Hence we have a volume at half immersion for your current boat of 4.24 cubic metres, which in sea water is approx 4.35 metric tonnes.
    If your current boat's weight is about 5 tons (or metric tonnes?) then she is probably floating a bit deeper than half immersion.

    It would be useful to know the total surface area of these 3 cylinders - for one cylinder, the surface area is Circumference (Pi times D) times length (I am ignoring the surface area of the end caps, just to simplify things a bit) .
    So for one cylinder, the surface area is 3.142 x 0.6 x 10 = 18.85 square metres.
    And for 3 cylinders it is 56.55 square metres.
    If the cylinders are 2 mm thick (for example), then the weight of them would be 305 kg.
    If they are 3 mm (approx 1/8") thick, then the weight is 50% more, so approx 457 kg.

    Now lets consider your new proposal, where you have two 800 mm diameter pontoons, each 12 metres long.
    Using the same formula above, the total buoyancy in these two hulls is 12.06 cubic metres.
    But we do not want to go more than halfway immersion, so at a draft of 0.4 m, we have a buoyancy of 6.03 cubic metres.
    Or a displacement of 6.18 metric tonnes in salt water.
    Even if the overall weight of this new boat is a bit more than 5 tonnes, then she will still be floating at less than half immersion, which is good.

    If we calculate surface areas again as above, the total surface area of these two pontoons (again excluding end caps for simplicity) is 60.3 square metres.
    For 2 mm thick aluminium this gives an aluminium weight of 325 kg.
    Or for 3 mm thick pontoons, the weight is 487 kg.

    In other words, although you are gaining an extra 40% of buoyancy with your new hulls, the extra weight is only 30 kg, or 6%.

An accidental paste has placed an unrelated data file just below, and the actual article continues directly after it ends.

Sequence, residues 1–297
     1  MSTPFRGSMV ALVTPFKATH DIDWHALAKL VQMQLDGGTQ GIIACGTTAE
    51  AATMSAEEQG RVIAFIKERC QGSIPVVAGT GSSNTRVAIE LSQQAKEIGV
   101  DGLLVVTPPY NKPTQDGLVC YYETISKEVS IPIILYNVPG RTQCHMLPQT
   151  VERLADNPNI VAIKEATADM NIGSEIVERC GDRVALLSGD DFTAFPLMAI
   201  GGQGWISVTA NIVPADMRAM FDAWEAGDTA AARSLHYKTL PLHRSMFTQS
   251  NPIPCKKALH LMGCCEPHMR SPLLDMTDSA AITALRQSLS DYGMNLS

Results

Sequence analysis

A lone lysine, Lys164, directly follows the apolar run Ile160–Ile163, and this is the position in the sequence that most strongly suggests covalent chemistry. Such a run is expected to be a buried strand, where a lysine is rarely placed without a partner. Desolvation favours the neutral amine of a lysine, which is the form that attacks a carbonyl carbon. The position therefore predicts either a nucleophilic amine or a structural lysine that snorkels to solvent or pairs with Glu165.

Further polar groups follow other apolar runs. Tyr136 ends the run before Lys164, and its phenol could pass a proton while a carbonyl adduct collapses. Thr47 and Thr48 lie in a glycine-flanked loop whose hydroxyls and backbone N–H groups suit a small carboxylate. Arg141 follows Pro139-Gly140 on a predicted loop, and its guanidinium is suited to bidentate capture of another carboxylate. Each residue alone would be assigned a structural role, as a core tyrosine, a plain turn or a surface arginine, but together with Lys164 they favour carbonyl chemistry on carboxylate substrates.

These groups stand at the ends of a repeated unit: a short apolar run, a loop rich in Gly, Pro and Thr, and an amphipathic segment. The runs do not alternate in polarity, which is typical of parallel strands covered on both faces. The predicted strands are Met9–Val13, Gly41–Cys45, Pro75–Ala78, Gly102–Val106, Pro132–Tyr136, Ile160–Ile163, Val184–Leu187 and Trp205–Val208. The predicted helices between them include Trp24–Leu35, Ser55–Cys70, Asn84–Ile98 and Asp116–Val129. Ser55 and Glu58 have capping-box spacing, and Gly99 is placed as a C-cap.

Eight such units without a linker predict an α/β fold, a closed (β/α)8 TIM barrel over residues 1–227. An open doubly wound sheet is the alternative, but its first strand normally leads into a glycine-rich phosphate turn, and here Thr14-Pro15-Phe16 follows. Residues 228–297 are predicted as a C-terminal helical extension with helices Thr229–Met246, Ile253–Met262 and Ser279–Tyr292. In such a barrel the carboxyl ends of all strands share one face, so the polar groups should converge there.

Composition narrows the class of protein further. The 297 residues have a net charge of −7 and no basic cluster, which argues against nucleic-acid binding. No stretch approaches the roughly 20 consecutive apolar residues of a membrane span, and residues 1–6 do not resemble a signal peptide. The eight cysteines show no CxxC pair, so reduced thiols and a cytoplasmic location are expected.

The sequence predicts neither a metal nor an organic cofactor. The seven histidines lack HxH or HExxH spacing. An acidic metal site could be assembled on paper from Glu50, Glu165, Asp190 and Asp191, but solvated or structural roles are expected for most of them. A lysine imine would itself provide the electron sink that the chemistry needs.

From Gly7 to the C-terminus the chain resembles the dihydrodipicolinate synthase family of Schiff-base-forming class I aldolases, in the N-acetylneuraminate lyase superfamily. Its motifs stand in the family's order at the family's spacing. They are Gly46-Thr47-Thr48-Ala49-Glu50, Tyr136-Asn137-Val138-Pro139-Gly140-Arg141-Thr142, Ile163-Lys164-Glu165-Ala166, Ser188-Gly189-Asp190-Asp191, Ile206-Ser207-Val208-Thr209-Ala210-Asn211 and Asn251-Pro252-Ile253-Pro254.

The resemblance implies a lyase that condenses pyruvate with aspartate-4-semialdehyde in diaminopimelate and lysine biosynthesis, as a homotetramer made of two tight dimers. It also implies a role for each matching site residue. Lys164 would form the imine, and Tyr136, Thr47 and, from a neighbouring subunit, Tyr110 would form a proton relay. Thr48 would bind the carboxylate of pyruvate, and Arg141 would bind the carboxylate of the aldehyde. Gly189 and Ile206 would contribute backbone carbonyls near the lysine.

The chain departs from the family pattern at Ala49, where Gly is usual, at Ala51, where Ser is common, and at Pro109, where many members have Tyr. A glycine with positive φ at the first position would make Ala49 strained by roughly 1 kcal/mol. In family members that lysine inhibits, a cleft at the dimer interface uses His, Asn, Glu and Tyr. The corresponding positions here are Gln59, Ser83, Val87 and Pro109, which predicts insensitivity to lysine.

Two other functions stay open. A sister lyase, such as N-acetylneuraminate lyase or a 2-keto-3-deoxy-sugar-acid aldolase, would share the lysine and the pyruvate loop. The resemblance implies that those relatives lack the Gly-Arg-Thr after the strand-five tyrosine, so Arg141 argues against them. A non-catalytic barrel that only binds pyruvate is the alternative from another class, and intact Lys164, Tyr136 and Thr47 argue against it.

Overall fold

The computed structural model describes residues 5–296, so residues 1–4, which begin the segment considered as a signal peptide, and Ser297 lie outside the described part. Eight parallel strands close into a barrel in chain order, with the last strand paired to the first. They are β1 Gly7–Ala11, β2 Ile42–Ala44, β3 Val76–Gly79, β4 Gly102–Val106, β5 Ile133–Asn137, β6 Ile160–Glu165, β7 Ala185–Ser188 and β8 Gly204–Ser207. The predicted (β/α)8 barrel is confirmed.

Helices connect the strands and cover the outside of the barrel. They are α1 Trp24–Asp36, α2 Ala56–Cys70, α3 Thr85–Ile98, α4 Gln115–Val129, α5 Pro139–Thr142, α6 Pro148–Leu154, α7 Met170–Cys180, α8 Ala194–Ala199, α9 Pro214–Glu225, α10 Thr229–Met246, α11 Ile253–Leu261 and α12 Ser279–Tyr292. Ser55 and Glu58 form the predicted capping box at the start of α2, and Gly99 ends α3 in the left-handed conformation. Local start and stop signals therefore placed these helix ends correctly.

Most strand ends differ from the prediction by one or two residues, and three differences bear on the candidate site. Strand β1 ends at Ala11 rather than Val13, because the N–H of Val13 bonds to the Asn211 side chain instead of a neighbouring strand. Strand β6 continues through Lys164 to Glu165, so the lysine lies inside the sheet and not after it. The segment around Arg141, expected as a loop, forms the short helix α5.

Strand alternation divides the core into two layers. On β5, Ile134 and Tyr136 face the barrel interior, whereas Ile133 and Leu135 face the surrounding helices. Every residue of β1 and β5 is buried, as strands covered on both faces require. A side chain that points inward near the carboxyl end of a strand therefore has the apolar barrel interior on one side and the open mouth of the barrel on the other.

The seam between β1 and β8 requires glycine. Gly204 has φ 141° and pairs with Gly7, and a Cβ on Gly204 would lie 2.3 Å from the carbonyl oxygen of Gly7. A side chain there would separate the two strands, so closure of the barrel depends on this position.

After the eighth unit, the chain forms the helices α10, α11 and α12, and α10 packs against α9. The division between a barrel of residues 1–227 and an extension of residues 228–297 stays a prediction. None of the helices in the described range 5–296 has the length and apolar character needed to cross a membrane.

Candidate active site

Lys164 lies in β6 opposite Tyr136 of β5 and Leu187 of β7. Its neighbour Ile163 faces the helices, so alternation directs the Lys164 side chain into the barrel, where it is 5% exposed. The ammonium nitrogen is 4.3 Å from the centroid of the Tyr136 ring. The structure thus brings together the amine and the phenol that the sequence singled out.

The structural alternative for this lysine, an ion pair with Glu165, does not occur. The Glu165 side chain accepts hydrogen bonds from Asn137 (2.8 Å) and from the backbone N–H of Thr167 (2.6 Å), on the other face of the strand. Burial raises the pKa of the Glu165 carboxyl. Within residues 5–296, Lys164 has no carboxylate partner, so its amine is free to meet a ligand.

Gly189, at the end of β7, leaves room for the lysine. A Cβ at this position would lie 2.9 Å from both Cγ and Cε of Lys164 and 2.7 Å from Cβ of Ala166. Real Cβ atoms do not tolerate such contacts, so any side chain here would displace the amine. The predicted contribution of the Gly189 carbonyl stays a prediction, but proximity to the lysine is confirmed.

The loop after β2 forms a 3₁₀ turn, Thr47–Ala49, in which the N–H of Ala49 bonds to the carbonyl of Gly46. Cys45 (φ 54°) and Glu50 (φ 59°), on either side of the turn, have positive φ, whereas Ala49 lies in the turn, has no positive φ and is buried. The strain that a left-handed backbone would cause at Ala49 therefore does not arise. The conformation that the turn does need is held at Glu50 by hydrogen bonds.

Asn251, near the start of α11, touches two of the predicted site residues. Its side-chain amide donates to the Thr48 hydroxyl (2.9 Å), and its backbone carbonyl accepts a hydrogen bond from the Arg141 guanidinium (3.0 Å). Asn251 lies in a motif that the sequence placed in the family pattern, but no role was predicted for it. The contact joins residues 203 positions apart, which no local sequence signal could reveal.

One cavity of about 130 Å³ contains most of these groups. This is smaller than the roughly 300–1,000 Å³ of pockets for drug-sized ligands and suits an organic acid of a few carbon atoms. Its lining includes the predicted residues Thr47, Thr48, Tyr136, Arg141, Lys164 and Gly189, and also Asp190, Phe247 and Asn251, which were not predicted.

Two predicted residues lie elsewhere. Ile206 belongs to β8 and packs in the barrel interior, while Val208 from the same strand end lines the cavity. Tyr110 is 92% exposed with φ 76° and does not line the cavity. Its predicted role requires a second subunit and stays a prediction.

Hence it sounds like a good idea.

    You might also find that the resistance of two slightly wider hulls is less than the resistance of 3 slightly narrower hulls, depending on how far apart the hulls are (but if so, this will probably be fairly slight).
     
    Last edited: Feb 24, 2018
  13. TANSL
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    TANSL Senior Member

    I wonder if the OP wants to know, more or less, what it can do or know in more detail how far it can go. One thing that can be deduced from the interesting calculations of @bajansailor is that the length of the new pontoons could be reduced. So, I think, it would be worthwhile to do some more detailed calculations.
     
  14. messabout
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    messabout Senior Member

    Two larger pontoons will provide better stability numbers than three smaller ones..........Arguments welcome
     

  15. Magnus W
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    Magnus W Senior Member

    Who knows why they built it with three pontoons to begin with. Deck height, redundancy and availability are possible reasons that come to mind.

    All other arguments aside a twin design will give you nice space between the pontons that could be used for holding tanks, storage space, ballast tanks, whatever.